A review of the latest Purchasing Managers’ Index (PMI) report that the Central Bank of Nigeria (CBN) published for the month of July 2017 shows that the Nigerian economy is gathering more momentum for a turnaround.
The Composite Non-Manufacturing Index (CNMI) also expanded to 54.1 points in July 2017 from 52.9 points in June 2017 – We expect the inflation rate in Nigeria to drop to 15.96% in July 2017 from 16.10% in June 2017.
The accretion to the external reserves was boosted by improved oil production and relatively favourable crude oil price.
Nigeria has agreed to implement a production cap as soon as production hits 1.8mb/d. The value of the Naira strengthened in both the inter-bank and parallel foreign exchange market
At the Monetary Policy Committee (MPC) of the Central Bank of Nigeria (CBN) held on July 24-25, 2017, the committee decided to hold rates in line with our earlier expectation.
We expect the equity market to appreciate in the month of August 2017, albeit at a slower pace than the last five months due to profit taking activity Yields on fixed income securities may trend marginally lower in August 2017 because of the expectation of lower July 2017 inflation rate.
The anticipated growth in the global economy remains on track according to the International Monetary Fund (IMF) in its July 2017 World Economic Outlook (WEO)
According to OPEC, total OPEC crude oil production from secondary sources in June was increased mostly from Libya, Nigeria, Angola, Iraq; Saudi Arabia and Iran.
Global Developments: In the countries we monitored, the prices of government bonds recorded a mixed performance in July 2017 compared with June 2017. The 7.75% February 2023 South Africa Government Bond recorded the highest month-on-month price increase of 0.93% to 99.09.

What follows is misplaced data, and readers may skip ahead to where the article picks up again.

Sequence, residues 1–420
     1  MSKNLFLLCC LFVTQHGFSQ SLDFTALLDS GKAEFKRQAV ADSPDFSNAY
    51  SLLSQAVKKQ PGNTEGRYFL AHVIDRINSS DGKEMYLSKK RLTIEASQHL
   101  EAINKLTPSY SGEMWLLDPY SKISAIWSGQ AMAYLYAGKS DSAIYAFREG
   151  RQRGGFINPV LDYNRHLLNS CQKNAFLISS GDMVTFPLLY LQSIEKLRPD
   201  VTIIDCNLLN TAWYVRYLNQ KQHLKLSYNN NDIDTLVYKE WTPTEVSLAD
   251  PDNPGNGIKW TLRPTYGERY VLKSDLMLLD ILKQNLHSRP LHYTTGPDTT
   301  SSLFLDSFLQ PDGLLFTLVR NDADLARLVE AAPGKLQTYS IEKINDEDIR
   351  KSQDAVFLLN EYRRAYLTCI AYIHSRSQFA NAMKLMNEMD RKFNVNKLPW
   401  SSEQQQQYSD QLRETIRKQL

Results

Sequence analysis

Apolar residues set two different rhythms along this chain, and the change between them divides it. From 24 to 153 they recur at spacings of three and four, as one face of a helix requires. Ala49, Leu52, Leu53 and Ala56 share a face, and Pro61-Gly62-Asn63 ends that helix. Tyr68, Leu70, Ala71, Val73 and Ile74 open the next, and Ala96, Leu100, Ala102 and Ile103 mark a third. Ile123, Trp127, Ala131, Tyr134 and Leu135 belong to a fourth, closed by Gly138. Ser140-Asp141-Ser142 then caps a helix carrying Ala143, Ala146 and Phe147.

This was followed by the 8.15% June 2022 India Government Bond with an increase of 0.39% to 106.21. The 17% April 2022 Egypt Government Bond recorded the highest month-on-month price decrease of 0.32% to 95.95. This was followed by the 3.52% February 2023 China Government Bond, with a price decrease of 0.31% to 100.02.
The India, Kenya, Russia, South Africa, China, United State (U.S), and Nigeria Bonds closed the month at positive real yields. Other bonds we monitored closed the month at negative real yields. The India Government Bond offered the most attractive real yield amongst the selected bonds in July 2017.
The U.S economy recorded a growth of 2.6% (quarter-on-quarter) in Q2 2017, from 1.2% in Q1 2017 from the advance estimate released by the U.S Bureau of Economic Analysis (BEA).
The growth was boosted by strong consumer spending and a rebound in government consumption while exports slowed and housing investment shrank.
Similarly, the inflation rate in the U.S increased by 1.6% in June 2017, below 1.9% in May and below market expectations of 1.7%. It is the lowest inflation rate since October 2016 due to a fall in gasoline prices.
The Global GDP
According to the International Monetary Fund (IMF), the pickup in global growth anticipated in its April 2017 World Economic Outlook (WEO) remains on track. The IMF forecasts global economic growth at 3.5% in 2017 and 3.6% in 2018. The major drivers are the growth in global trade and industrial production, which it said remained well above 2015–16 levels despite retreating from the very strong pace registered in late 2016 and early 2017.
It added that Purchasing Managers’ Indices (PMIs) also signal sustained strength in manufacturing and services. The report stated that the global growth forecasts are of different variants at the country level. U.S. growth projections are lower than in its April WEO, primarily reflecting the assumption that fiscal policy will be less expansionary going forward than previously anticipated.
Growth was revised up for the Euro-area, where positive surprises to activity in late 2016 and early 2017 point to solid momentum; Japan’s growth was also revised upward. China’s growth projections have also been revised up, reflecting a strong Q1 2017 and expectations of continued fiscal support.
The growth forecast for Nigeria was maintained at 0.8% in 2017. The IMF highlighted that the risks around the global growth forecast appear broadly balanced in the near term, but remain skewed to the downside over the medium term. On the upside, the cyclical rebound could be stronger and more sustained in Europe, where political risk has diminished.
On the downside, advanced market valuations and very low volatility in an environment of high policy uncertainty raise the likelihood of a market correction, which could dampen growth and confidence. It added that the strong credit growth in China comes with rising downside risks to medium-term growth.
It also hinted that monetary policy normalization in some advanced economies, notably the U.S, could trigger a tightening in global financial conditions. Other risks it identified are anti-globalisation stance and geopolitical risks.